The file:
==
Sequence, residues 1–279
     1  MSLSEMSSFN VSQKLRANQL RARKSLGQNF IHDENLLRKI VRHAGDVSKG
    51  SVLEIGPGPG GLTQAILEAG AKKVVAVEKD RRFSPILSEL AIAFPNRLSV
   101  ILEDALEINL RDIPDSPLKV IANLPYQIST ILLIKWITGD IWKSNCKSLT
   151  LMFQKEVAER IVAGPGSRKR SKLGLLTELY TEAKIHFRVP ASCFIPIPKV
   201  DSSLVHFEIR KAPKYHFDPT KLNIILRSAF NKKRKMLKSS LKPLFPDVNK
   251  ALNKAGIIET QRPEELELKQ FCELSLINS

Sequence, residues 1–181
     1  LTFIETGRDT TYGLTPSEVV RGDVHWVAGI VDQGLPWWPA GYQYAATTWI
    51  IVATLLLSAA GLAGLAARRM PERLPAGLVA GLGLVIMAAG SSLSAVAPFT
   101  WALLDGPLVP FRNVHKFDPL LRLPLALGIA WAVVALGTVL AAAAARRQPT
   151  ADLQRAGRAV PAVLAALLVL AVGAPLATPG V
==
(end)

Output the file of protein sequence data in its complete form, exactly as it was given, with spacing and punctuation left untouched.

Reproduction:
Sequence, residues 1–279
     1  MSLSEMSSFN VSQKLRANQL RARKSLGQNF IHDENLLRKI VRHAGDVSKG
    51  SVLEIGPGPG GLTQAILEAG AKKVVAVEKD RRFSPILSEL AIAFPNRLSV
   101  ILEDALEINL RDIPDSPLKV IANLPYQIST ILLIKWITGD IWKSNCKSLT
   151  LMFQKEVAER IVAGPGSRKR SKLGLLTELY TEAKIHFRVP ASCFIPIPKV
   201  DSSLVHFEIR KAPKYHFDPT KLNIILRSAF NKKRKMLKSS LKPLFPDVNK
   251  ALNKAGIIET QRPEELELKQ FCELSLINS

Sequence, residues 1–181
     1  LTFIETGRDT TYGLTPSEVV RGDVHWVAGI VDQGLPWWPA GYQYAATTWI
    51  IVATLLLSAA GLAGLAARRM PERLPAGLVA GLGLVIMAAG SSLSAVAPFT
   101  WALLDGPLVP FRNVHKFDPL LRLPLALGIA WAVVALGTVL AAAAARRQPT
   151  ADLQRAGRAV PAVLAALLVL AVGAPLATPG V